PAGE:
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Thread: Can't stand the bugs in Linux, so i'm switching back to Windows, quick questions

  1. #111

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    Quote Originally Posted by Ole Juul View Post
    There were indeed a lot of DOS users then who were not going to run Windows. In fact Arachne was second in ratings only to Netscape for a while during the famous browser wars.
    Second in what kind of "ratings"? By the time Arachne was released on December 22nd, 1996, Internet Explorer was already the second most popular web browser behind Netscape.


  2. #112

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    Quote Originally Posted by vwestlife View Post
    Second in what kind of "ratings"? By the time Arachne was released on December 22nd, 1996, Internet Explorer was already the second most popular web browser behind Netscape.
    I don't think IE came around until Win95 and the uptake of that was pretty slow. I don't remember anybody running IE at the beginning. People ran Win3.1 still. In any case I remember clearly that there was a "browser wars" daily tally on some major magazine site at the time and Arachne got to number two. Perhaps the rating was based on downloads, don't know. You could check the arachne mailing list archives. (I'd do it, but can't spend the time right now.) It was really all about Netscape at the time and nobody else was really able to compete with their well funded resources. It was just a freak that Michal was able to do it for a few days.

    This is all so interesting in how people seem to have different perspectives on "how it was". I sometimes think that people working professionally or at a university forget that they were in a special position compared with the masses.
    WANTED: Cardinal 2450MNP modem.

  3. #113

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    I use lynx regularly. I work with a number of remote headless linux servers via ssh access, and lynx is a handy troubleshooting tool for checking if web servers are really serving up http or not.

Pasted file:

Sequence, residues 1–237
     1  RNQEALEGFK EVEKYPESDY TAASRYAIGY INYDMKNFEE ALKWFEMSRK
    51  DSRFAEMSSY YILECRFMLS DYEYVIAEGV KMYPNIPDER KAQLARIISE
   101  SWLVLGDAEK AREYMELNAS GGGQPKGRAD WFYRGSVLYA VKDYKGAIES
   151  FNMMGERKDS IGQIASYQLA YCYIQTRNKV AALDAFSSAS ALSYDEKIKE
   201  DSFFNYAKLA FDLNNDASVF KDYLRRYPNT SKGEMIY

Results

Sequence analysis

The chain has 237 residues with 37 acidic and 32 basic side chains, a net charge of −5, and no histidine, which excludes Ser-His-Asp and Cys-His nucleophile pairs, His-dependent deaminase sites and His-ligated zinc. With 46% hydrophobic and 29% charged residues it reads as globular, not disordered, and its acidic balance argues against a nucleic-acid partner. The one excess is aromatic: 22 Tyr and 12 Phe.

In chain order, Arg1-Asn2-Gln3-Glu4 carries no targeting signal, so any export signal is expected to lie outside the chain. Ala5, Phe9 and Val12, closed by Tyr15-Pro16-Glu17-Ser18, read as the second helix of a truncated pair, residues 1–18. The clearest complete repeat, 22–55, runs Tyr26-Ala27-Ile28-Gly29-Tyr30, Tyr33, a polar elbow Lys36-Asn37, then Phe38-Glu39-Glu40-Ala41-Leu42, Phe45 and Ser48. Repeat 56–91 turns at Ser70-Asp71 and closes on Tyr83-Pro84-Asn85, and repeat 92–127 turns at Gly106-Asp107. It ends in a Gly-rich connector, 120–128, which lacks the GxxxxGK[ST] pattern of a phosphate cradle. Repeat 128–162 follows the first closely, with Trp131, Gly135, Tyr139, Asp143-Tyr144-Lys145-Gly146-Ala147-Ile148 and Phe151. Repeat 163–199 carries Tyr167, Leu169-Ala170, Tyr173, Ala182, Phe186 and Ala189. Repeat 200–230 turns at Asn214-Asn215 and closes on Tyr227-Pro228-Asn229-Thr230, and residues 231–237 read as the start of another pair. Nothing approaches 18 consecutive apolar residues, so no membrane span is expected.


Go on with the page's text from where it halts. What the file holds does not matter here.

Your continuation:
4. #114

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    Quote Originally Posted by Doug G View Post
    I use lynx regularly. I work with a number of remote headless linux servers via ssh access, and lynx is a handy troubleshooting tool for checking if web servers are really serving up http or not.
    I use it a lot too. I find it handy for browsing from all my servers - both from a diagnostic point of view and as a way to check location blocking. Also, it was only a couple of years ago that I decided to use Lynx as my primary browser and was actually quite happy with it for some months. It was partly a challenge to myself, but also a practical solution to my constraints at the time which was that the only truly functional backup machine here was my trusty DOS box. Some sites, of course, will not be functional without images, but others actually will block you. I'm finding more and more sites block users with non standard configurations these days.
    WANTED: Cardinal 2450MNP modem.

  5. #115

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    Quote Originally Posted by Ole Juul View Post
    Some sites, of course, will not be functional without images, but others actually will block you. I'm finding more and more sites block users with non standard configurations these days.
    It seems to fluctuate, but yes - far too many sites these days redirect any user-agent they don't recognize to a generic "screw you for not using our preferred browser" page.
    Computers: Amiga 1200, DEC VAXStation 4000/60, DEC MicroPDP-11/73
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    "'Legacy code' often differs from its suggested alternative by actually working and scaling." - Bjarne Stroustrup